LOCK HAVEN – Highlighting the positive aspects for students, Dr Daniel Greenstein, chancellor of the state higher education system, avoided discussing the negative impact of the planned integration of PASSHE universities on the employees of the institutions .
Greenstein’s remarks to a group of high school counselors at Lock Haven University on Friday focused on the reasons for the integration and how it will allow students to enter post-secondary education, which suffers from a decline in number of students and an increase in fees.
“The number of high school students graduating from high school is dropping dramatically. We will experience a slight increase over the next few years, then we will cross a cliff ”, said Greenstein.
“Our traditional secondary education market, schools like ours, 90 percent come straight from high schools,” he noted.
The cost of higher education also motivated the decision to integrate universities, although Greenstein said state universities are still the most affordable option in the state.
“But even as the most affordable option, we ask for a key commitment from families, which can be significant – up to 30 to 40 percent of a household’s income of middle-income families towards the participation of a family. studying at any college. It’s huge,” he said.
Student tuition fees account for 71 percent of university spending, according to studies that have been done.
“To honor these children and their families and their hard-earned dollars, we’re making sure that every penny of that 71% is spent in a way that maximizes their potential for success. We recognize how much of a burden we as a society put on the people who are basically trying to grab the brass ring and make sure they can have healthy and sustainable lives for themselves. This is what the overhaul of the system is for ”, said Greenstein.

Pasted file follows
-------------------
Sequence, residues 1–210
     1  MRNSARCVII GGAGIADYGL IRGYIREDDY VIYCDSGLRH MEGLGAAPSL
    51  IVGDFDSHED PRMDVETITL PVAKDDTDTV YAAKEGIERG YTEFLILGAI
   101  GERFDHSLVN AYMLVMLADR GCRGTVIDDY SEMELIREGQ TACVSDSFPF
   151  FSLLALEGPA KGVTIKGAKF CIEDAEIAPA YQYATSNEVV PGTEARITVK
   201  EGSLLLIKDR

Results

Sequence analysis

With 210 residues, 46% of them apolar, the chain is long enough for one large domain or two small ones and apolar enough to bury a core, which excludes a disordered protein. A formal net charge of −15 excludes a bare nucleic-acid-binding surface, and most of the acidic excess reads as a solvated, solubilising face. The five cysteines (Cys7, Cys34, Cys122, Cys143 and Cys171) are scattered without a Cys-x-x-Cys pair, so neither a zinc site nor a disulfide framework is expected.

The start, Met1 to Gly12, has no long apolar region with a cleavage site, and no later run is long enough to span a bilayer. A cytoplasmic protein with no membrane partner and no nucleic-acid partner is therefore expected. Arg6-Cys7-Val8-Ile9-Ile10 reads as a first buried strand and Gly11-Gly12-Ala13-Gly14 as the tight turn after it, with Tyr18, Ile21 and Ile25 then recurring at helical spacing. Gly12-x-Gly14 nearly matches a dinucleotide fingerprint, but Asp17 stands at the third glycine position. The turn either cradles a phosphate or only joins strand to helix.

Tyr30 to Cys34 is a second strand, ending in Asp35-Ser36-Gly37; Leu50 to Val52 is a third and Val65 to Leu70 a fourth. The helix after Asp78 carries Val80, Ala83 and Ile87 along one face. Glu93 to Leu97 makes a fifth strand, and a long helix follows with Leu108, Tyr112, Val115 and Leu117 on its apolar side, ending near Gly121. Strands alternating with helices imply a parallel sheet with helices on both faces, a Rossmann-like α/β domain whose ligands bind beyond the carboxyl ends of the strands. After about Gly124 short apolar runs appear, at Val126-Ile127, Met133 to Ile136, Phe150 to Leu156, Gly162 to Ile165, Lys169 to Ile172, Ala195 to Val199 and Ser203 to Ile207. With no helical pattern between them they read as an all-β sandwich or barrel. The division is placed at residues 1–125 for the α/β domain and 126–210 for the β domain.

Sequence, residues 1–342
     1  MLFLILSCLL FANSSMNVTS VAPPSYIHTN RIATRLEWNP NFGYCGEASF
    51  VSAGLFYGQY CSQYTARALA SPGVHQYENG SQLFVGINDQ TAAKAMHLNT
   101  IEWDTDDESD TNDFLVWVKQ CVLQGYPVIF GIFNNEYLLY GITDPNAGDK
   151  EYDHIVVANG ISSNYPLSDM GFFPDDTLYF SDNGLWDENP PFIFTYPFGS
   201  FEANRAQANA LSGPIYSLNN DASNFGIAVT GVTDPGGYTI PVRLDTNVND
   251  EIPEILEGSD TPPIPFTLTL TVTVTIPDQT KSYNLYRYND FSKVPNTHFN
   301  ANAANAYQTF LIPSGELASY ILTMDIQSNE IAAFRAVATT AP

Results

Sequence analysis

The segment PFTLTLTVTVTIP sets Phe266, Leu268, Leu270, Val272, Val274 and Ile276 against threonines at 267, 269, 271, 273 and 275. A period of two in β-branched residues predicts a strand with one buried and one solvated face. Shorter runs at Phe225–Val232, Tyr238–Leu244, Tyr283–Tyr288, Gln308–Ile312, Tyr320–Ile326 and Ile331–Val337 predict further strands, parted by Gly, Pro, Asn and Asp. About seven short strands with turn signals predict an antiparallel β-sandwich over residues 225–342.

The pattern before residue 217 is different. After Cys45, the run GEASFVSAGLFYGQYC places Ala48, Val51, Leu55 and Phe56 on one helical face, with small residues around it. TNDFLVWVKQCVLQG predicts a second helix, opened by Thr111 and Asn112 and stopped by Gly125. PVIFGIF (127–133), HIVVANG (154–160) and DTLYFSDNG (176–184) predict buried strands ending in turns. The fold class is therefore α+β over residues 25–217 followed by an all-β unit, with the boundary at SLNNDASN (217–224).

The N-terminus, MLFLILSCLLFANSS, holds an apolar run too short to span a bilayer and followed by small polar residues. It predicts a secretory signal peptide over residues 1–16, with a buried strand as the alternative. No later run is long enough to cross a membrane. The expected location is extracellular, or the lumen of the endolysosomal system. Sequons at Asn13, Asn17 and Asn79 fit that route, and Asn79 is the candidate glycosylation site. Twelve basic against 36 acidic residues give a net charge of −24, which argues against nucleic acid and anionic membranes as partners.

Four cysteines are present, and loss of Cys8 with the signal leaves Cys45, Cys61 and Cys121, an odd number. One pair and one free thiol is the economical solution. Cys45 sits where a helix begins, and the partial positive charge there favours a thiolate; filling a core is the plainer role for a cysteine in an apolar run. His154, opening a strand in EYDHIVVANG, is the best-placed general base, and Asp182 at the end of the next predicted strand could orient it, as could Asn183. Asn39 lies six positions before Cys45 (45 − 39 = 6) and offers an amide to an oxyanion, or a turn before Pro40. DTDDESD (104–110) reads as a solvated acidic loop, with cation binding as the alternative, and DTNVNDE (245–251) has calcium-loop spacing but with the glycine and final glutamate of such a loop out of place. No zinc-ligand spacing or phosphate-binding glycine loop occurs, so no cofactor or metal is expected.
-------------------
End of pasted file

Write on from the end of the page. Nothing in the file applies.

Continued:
“Our registrations are down… there are fewer people to come. Costs are increasing ”, said Greenstein. When that happens, he asserted, there is no choice but to start reducing the scope of course offerings.
“Students want breadth. They want to have a lot of choice for their majors and they should. Equally important, communities need a choice ” he said.
“Because we are public. Because we owe it to the state and to the students, the question is how to give people the range of program choices they need and the answer lies in integration ”, said Greenstein.
The three state universities involved in the northeastern part of the state are Lock Haven, Bloomsburg, and Mansfield. Due to the contributing factors of cost and declining enrollment, the three alone would not be able to offer students this range of courses.
“Lock Haven… if it operated on the basis of its current workforce, it could manage around 30 to 35 programs. In an integrated entity, they could manage a hundred. Students have more choices. he said.
One of the problems encountered by opponents of integration is that the identity of universities in the process of integration will be lost.
“In an integrated university, everything is still there. Clubs, sports activities and teams, face-to-face teaching, engagement with counselors and counselors – everything that happens in a residential experience still happens. The difference is that you have access to 3 times more programs and majors ”, he stated.
With the integration, some interactions will be offered online. Greenstein cited a survey of students and their parents that found 90 percent said they would support a quarter of their courses online if it meant there was more choice. Many students are already engaged in online education.
“In fact, we are not asking anyone to make exchanges that they are not already doing, but we are giving them the possibility of having a larger program scope, better access to courses, faster turnaround times to obtain diplomas “, said Greenstein.
“An integrated institution retains all the great advantages of a residential university. All. None are leaving ”, he added.